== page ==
Whether you believe that opera is the loftiest manifestation of lyric art, or a bastard tradition typified by mannered singing, indifferent acting and an audience that would have Robespierre rubbing his hands in glee, there's no doubt that it has some great tunes. British composer and pianist/tuba player Mike Westbrook gathered a few of them together in the mid 1980s for this Rossini project.
Westbrook-Rossini grew out of a commission Westbrook received from a Swiss street-theatre company in 1984. The brief called for a band which could provide musical interludes for a play about the Swiss national hero, William Tella perambulatory band that could make itself heard in the open air, which explains the unusual seven-piece instrumentation including a sopranino saxophone, two tubas and (in the original line-up) no piano.
At the suggestion of his singer/wife Kate, Westbrook listened to the 19th century Italian composer, Gioacchino Rossini's opera "William Tell," which went on to provide the source material for the commission. As Westbrook's enthusiasm for Rossini's music grew, so did the scope of the project, and an expanded version of the original theatre commission, including pieces from Rossini's "The Barber of Seville," "The Thieving Magpie" and "Otello," was performed at Zurich Jazz Festival in 1987 (and subsequently released on a double LP). A studio version was released on CD in 1988, and Westbrook-Rossini is a re-issue of that session.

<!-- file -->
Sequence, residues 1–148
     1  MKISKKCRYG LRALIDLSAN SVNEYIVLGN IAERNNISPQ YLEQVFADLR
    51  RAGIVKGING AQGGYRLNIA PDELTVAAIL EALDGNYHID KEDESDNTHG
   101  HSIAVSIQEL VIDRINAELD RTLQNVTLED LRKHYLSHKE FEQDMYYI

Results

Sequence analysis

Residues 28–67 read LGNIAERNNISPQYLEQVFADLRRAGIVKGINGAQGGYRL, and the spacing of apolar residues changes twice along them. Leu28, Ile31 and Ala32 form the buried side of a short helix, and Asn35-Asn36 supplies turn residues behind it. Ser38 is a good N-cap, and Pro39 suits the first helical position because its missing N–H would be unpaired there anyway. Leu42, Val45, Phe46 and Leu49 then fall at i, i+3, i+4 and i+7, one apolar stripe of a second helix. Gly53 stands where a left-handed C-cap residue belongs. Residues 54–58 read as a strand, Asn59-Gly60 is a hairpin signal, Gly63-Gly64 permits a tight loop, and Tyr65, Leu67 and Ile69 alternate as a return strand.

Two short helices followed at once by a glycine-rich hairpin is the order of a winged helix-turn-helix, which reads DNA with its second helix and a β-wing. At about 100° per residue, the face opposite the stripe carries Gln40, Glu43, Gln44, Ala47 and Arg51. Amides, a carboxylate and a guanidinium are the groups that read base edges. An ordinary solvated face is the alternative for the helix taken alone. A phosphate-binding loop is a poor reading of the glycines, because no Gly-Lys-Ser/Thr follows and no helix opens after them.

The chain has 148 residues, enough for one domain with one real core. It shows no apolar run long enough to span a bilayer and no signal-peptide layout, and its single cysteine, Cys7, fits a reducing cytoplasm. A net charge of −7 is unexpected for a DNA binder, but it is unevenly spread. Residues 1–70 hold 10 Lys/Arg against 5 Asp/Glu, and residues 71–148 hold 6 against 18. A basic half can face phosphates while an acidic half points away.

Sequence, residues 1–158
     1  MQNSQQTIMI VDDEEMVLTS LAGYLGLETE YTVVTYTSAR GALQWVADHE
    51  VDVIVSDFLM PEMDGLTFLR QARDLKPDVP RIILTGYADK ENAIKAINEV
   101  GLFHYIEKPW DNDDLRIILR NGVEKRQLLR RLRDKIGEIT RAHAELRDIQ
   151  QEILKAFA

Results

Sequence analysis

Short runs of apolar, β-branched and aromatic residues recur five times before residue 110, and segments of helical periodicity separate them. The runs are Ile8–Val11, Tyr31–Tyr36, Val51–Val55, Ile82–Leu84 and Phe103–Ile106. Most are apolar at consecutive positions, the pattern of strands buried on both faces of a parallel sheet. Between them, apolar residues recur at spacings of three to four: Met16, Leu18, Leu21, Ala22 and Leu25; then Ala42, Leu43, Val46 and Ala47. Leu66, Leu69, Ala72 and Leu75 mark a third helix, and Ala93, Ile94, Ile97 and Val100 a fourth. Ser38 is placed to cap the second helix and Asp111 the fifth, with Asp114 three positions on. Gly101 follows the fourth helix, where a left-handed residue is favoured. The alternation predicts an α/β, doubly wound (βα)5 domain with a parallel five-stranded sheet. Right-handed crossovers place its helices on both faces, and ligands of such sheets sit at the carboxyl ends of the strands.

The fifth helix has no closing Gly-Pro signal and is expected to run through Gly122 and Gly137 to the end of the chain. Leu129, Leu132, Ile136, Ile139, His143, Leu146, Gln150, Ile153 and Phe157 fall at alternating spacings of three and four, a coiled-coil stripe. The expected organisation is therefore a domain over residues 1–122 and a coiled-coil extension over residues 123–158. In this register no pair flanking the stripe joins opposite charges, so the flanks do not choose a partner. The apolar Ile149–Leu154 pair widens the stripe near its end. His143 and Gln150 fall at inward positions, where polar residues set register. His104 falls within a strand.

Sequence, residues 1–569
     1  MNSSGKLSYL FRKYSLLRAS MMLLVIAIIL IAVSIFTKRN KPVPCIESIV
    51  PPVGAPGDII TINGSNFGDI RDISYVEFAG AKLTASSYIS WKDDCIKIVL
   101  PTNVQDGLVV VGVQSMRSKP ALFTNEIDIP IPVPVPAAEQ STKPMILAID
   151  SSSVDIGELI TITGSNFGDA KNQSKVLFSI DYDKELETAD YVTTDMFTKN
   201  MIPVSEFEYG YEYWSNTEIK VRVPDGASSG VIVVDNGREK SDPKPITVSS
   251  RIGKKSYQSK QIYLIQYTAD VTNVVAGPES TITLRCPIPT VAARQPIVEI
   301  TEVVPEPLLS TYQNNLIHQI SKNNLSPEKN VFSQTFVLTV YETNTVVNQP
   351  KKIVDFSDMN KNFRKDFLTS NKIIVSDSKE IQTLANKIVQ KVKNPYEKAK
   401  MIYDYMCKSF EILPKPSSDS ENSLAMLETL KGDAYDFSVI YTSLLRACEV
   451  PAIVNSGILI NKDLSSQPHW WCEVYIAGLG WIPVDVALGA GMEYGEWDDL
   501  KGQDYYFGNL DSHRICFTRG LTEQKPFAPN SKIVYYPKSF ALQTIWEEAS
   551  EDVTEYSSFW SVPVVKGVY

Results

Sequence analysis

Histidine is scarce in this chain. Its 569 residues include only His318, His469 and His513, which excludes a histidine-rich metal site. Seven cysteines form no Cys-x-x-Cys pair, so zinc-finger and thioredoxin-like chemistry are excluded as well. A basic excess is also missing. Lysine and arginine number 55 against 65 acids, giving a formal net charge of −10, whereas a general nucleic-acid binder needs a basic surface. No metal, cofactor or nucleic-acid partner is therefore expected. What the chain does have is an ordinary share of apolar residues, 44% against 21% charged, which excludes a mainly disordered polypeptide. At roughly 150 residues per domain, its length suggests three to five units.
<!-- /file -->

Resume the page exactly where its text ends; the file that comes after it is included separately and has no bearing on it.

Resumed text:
It's a playful, mellifluous affair in which Westbrook celebrates some of Rossini's best known tunes (even non-opera buffs will recognize most of them), refracted through his own singular, multifaceted, musical prism. Grand opera aside, the suite draws from post-Duke Ellington orchestral jazz, jazz-rock, free improv, Maghrebi folk music, tango and (slightly drunken) Ruritanian marches. Even the Lone Ranger is acknowledged in the full-tilt reading of the "galloping theme" from "William Tell," hinted at briefly in "William Tell Overture IV" and then embraced with abandon on the disc's closing track, "William Tell Overture V."
Instrumentally, the emphasis is on richly harmonised ensemble work driven by Peter Fairclough's powerful, Sonny Greer going on Ginger Baker drums, but there are several fine solos from Lindsay Cooper on sopranino saxophone, Peter Whyman on alto saxophone and Paul Nieman on trombone. Kate Westbrook sings on three tracks"L'amoroso E Sincero Lindoro," "Isuara" and "Tutto Cangia"on which Mike switches from tuba to piano. Her performances, which are by turns respectful of the Italian opera tradition and subversive of it, are wonderful and stirring, highlights of the album.
Westbrook-Rossini might not make an opera fan of you...but then again, stranger things have happened.
Personnel: Lindsay Cooper: sopranino saxophone; Peter Whyman: alto saxophone; Kate Westbrook: piccolo, tenor horn,voice (4, 10, 11); Paul Nieman: trombone; Andy Grappy: tuba; Mike Westbrook: piano and tuba; Peter Fairclough: drums.